Despite health crisis, EU presses on with 2030 climate agenda.
As the battle against the COVID-19 pandemic rages on, the European Commission has tried to stay the course on green policies, launching a public consultation on Tuesday (30 March) to raise the bloc’s climate target for 2030.
“While all the Commission’s immediate political focus is on the task of combating the coronavirus, we are continuing our preparatory work on long-term policy priorities including the European Green Deal,” the Commission said in a statement.
The online public consultation will seek input into the EU’s updated climate target for 2030 and determine whether the bloc should reduce its greenhouse gas emissions by 50% or 55% compared to 1990 levels, up from 40% currently.
“Revising the current 2030 target upwards will put the EU on a more gradual pathway to climate-neutrality by 2050,” the Commission’s statement said.
Once agreed, the new 2030 target will be added to the bloc’s recently tabled European Climate Law and unleash a flurry of updates to all related EU laws, “including legislation on energy efficiency, renewable energy, effort sharing and the EU emission trading system,” the Commission said.
Ursula von der Leyen’s new Commission put climate change at the centre of a European Green Deal aimed at cleaning up the environment and bringing global warming emissions to net-zero by 2050.
But the coronavirus pandemic has relegated those plans to second-ranking priority, as all political attention now focuses on combatting the outbreak and the recession that is widely expected to follow.
Still, the Commission insists that the Green Deal continues to be “Europe’s growth strategy”, saying greater climate ambition “will also help to ensure first mover benefits for European industry”.
EU heads of states backed that vision last week when they tasked the Commission to prepare a recovery plan putting the green and digital transitions at its heart.
Commission seen backing 55% target
The online consultation is open until 23 June and invites contributions from all citizens or interested parties.
But environmentalists were immediately disappointed that the Commission’s questionnaire does not include an option to push for larger emissions reductions than the suggested 50-55% target for 2030.
Wendel Trio, the head of environmental group CAN Europe, said that sticking to the Paris Agreement’s 1.5°C global warming objective “means a target of at least 65% reductions for the EU”.
WWF’s Alex Mason also pointed out that the Commission only gave respondents limited options as part of its consultation on its long-term climate plan for 2050 as well.
According to the United Nations Environment Programme’s latest emissions gap report, the EU would need to reach more than 65% emission cuts to curb end-of-century temperature rise at 1.5°C.
EU climate chief Frans Timmermans said during his European Parliament hearing last October that he “would be surprised” if the Commission’s ongoing impact assessment does not recommend the 55% option.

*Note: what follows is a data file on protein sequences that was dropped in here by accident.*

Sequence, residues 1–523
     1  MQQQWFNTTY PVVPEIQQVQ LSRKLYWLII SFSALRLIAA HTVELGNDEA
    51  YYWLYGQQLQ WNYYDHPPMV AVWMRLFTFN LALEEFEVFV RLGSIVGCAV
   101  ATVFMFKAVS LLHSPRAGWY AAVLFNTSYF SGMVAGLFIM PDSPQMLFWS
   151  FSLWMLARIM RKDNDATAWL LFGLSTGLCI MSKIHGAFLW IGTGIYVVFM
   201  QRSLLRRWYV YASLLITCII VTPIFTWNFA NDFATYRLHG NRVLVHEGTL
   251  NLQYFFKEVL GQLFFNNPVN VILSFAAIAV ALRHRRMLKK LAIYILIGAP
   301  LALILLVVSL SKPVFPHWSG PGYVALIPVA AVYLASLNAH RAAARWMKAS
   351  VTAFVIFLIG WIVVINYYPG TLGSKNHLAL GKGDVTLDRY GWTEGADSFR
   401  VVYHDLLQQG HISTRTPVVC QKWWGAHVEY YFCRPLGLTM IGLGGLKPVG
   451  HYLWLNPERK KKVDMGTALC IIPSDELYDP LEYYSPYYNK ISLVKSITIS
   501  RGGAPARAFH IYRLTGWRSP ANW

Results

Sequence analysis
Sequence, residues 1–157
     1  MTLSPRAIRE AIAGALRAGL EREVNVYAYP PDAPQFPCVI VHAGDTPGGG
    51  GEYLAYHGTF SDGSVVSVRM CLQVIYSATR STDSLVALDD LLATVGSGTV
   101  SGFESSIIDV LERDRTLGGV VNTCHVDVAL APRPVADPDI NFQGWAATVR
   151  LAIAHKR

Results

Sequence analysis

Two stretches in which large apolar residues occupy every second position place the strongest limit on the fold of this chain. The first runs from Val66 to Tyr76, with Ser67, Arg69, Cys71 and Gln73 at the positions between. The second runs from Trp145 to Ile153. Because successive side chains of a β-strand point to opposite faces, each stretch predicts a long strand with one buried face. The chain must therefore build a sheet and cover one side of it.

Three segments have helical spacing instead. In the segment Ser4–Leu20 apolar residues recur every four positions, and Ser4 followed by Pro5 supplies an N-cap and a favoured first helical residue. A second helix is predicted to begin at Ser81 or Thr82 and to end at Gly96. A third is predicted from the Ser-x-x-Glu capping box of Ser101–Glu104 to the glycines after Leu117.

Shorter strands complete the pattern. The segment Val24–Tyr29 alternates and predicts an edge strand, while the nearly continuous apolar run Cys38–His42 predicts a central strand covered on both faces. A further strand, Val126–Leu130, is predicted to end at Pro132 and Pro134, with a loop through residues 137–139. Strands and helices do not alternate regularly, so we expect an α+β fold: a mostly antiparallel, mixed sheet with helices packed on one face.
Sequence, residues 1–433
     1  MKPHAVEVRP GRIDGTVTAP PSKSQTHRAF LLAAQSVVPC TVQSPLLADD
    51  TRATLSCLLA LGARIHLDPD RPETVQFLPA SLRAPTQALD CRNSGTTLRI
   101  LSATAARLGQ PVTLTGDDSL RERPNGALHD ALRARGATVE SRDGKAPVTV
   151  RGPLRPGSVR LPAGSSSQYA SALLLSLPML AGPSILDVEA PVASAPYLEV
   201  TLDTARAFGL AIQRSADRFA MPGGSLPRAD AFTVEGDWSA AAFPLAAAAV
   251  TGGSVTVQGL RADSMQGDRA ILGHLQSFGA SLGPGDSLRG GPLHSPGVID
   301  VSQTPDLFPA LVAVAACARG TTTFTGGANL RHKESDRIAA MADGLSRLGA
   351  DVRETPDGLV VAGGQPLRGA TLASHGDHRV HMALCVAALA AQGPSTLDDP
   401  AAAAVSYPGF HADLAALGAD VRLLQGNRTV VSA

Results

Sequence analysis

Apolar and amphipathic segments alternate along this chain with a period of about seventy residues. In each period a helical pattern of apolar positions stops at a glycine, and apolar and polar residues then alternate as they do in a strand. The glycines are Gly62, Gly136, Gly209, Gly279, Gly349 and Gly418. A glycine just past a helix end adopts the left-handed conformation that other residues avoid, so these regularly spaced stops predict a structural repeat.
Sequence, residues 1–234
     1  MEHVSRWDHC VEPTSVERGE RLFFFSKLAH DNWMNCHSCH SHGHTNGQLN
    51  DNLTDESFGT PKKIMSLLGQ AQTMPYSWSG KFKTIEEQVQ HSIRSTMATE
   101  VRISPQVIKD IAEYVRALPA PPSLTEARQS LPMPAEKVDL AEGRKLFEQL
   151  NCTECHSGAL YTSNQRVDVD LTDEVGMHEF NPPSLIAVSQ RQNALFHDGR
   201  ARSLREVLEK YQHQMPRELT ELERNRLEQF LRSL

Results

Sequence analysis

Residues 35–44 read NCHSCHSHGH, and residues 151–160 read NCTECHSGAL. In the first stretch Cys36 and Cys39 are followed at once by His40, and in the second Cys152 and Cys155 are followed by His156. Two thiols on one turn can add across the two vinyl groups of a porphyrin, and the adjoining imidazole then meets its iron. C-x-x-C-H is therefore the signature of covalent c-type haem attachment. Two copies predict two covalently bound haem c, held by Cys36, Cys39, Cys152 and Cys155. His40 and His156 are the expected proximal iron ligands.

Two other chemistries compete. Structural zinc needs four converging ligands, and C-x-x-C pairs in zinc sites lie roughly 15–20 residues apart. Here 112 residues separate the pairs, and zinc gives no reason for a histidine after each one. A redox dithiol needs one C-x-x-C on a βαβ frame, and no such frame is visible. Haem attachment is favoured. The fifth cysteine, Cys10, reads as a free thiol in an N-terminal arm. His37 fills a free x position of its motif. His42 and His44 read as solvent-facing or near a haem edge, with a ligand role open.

And a recent cost-benefit analysis into the EU’s updated climate target, launched at the end of March, was seen as preparing the ground for the higher of the two benchmarks.
Timeline in question
Timmermans was criticised after the launch of the Climate Law on 4 March because of his insistence that work on a full cost-benefit study on the 2030 target would take until September to complete.
The consultation confirms the Commission’s timeline by setting 23 June as the deadline to submit contributions.
“Policies must be designed in a responsible way,” the Dutchman said at the time, dismissing calls by a group of 12 EU environment ministers who urged the Commission to complete its cost-benefit analysis in June instead of September.
Critics say a proposal in September will be too late for MEPs and national governments to agree on a new 2030 climate target before a crucial bilateral summit with China that month and the end-of-year COP26 in Glasgow.
CAN Europe’s Wendel Trio said that “we regret that with the end date of the consultation the Commission is implying it has given up trying to come with a new 2030 target proposal in time for the June European Council”.
The June EU summit was previously earmarked as a crucial milestone in EU climate policy – before coronavirus threw the legislative calendar into flux – as Poland had pledged to revisit the bloc’s climate neutrality pledge after opting out of it in December.
But member states might actually hinder the Commission’s work further by failing to submit their national energy and climate plans (NECPs) for 2030, which Timmermans and his services need to fuel the ongoing impact assessment.
Six countries – not including the United Kingdom, which left the bloc in January – are yet to turn in their finalised strategies and are three months overdue after a December deadline elapsed at the beginning of the year.
Latecomers France, Germany, Ireland, Luxembourg, Romania and Spain are at different stages of approving their plans. One EU official told EURACTIV that asking the Commission to complete its assessment quicker was “a bit hypocritical” of certain countries.
The European Council is still able to meet in virtual format and has already adopted legislation by written procedure. According to a draft calendar for April, energy ministers might hold an informal meeting at the end of the month to discuss the NECPs issue.
1 April 2020